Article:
SAC Capital soars above scandal to rake in returns

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Cohen

A criminal indictment can’t crush SAC Capital Advisors, at least when it comes to what’s most important in Hedgeworld: returns.

Steven A. Cohen’s hedge fund was up about 13% this year as of last Friday, thanks to an especially smashing September, a source tells Reuters.

That’s more than three times better than the average hedge fund, which was up about 4% on the year through August, seriously slumping the broad S&P 500 stock market index which jumped about 15% during the same period.

Then again, SAC’s proven to be anything but average in recent months.

Federal prosecutors indicted the firm in July, claiming cheating by traders there was “substantial, pervasive and on a scale without precedent in the hedge fund industry.”

Cohen wasn’t charged criminally, even as eight current or former employees of SAC were hit with insider trading charges. Six have already pleaded guilty.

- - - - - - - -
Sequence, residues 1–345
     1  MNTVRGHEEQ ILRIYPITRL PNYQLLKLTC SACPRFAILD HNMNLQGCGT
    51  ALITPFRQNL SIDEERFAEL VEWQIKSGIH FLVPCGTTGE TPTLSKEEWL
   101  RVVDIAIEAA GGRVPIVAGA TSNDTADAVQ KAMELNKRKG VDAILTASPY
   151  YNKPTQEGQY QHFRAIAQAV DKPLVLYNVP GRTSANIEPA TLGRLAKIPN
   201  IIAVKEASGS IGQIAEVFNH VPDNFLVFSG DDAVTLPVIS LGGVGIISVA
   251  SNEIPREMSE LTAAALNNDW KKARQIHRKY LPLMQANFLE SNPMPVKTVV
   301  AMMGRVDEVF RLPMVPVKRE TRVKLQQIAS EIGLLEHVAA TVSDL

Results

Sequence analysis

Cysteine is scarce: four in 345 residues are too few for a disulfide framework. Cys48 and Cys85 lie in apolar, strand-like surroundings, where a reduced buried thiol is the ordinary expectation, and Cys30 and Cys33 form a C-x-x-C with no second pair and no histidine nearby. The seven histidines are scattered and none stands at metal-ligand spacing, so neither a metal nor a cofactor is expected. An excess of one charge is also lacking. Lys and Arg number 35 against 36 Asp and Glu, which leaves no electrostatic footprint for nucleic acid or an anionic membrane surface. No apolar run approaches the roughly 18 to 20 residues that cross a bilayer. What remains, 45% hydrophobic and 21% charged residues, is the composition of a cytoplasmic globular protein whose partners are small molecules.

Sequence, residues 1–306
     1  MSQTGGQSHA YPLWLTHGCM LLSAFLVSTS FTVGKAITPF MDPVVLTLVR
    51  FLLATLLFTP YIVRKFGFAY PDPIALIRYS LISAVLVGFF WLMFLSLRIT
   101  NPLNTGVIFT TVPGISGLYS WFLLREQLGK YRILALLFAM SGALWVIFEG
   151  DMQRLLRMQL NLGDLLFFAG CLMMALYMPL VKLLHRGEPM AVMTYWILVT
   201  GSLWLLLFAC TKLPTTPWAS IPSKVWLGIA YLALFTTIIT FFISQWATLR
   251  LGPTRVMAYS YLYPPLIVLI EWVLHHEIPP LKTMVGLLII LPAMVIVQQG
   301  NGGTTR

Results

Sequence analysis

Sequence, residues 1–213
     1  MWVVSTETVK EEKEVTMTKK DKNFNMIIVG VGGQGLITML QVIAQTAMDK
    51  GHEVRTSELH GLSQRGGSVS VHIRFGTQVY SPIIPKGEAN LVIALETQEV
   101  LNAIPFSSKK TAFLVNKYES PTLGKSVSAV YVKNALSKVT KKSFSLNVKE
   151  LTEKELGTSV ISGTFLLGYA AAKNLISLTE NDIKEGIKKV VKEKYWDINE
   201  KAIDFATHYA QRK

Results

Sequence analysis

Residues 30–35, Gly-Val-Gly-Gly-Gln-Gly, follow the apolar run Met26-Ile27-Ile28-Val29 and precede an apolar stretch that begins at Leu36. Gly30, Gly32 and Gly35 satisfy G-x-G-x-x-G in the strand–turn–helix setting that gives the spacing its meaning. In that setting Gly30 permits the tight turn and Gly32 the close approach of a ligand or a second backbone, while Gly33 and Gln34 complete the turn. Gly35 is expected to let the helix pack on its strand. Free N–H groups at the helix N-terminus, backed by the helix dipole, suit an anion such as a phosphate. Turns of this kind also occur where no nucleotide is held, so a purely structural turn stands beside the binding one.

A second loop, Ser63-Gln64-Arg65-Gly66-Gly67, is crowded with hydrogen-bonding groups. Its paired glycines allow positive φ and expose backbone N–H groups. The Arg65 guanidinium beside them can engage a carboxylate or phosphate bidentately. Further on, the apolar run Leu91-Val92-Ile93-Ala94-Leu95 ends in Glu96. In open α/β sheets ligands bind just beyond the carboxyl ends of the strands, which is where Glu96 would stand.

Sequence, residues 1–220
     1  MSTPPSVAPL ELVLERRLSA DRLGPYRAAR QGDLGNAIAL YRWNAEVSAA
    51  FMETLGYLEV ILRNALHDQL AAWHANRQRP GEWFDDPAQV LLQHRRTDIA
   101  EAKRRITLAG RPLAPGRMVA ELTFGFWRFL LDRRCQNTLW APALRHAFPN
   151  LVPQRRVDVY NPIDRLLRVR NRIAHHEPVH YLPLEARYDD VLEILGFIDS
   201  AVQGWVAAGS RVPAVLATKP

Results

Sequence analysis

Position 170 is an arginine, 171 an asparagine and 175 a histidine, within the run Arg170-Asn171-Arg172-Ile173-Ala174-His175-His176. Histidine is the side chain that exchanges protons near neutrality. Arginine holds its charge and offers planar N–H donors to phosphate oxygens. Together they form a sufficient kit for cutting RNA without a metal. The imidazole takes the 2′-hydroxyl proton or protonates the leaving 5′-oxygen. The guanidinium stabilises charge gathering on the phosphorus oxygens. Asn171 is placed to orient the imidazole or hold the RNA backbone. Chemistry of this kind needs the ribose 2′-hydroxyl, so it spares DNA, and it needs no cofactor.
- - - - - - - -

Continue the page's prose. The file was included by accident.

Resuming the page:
The Securities and Exchange Commission sued Cohen personally, alleging he failed to supervise the two employees who are still facing trial: Mathew Martoma and Michael Steinberg.

SAC agreed in March to pay a record $616 million fine and settled two civil insider trading cases brought by the SEC.

But that taint’s not enough to tarnish SAC’s track record or crunch Cohen’s own coffers.

With a net worth of $9.4 billion, Cohen ranks as America’s fifth wealthiest hedge fund manager and remains one of 28 hedge fund managers to make this year’s Forbes 400.

Now rumor has it that federal prosecutors have proposed settling the criminal case against SAC for $1.5 billion to $2 billion.

Even that hefty fine wouldn’t be enough to knock Cohen off the billionaire’s block.

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